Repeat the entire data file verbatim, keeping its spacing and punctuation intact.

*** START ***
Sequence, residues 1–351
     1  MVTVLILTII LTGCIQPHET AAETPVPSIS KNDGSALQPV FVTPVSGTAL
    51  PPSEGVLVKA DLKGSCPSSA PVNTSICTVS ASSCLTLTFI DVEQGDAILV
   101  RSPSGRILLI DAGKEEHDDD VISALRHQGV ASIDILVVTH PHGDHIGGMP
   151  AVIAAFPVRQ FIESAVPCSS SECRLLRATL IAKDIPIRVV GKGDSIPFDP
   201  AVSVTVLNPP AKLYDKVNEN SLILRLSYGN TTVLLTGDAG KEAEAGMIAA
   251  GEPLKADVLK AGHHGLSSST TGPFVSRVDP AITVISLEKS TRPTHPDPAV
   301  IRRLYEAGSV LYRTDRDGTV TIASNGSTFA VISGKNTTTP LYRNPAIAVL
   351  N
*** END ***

Sequence, residues 1–351
     1  MVTVLILTII LTGCIQPHET AAETPVPSIS KNDGSALQPV FVTPVSGTAL
    51  PPSEGVLVKA DLKGSCPSSA PVNTSICTVS ASSCLTLTFI DVEQGDAILV
   101  RSPSGRILLI DAGKEEHDDD VISALRHQGV ASIDILVVTH PHGDHIGGMP
   151  AVIAAFPVRQ FIESAVPCSS SECRLLRATL IAKDIPIRVV GKGDSIPFDP
   201  AVSVTVLNPP AKLYDKVNEN SLILRLSYGN TTVLLTGDAG KEAEAGMIAA
   251  GEPLKADVLK AGHHGLSSST TGPFVSRVDP AITVISLEKS TRPTHPDPAV
   301  IRRLYEAGSV LYRTDRDGTV TIASNGSTFA VISGKNTTTP LYRNPAIAVL
   351  N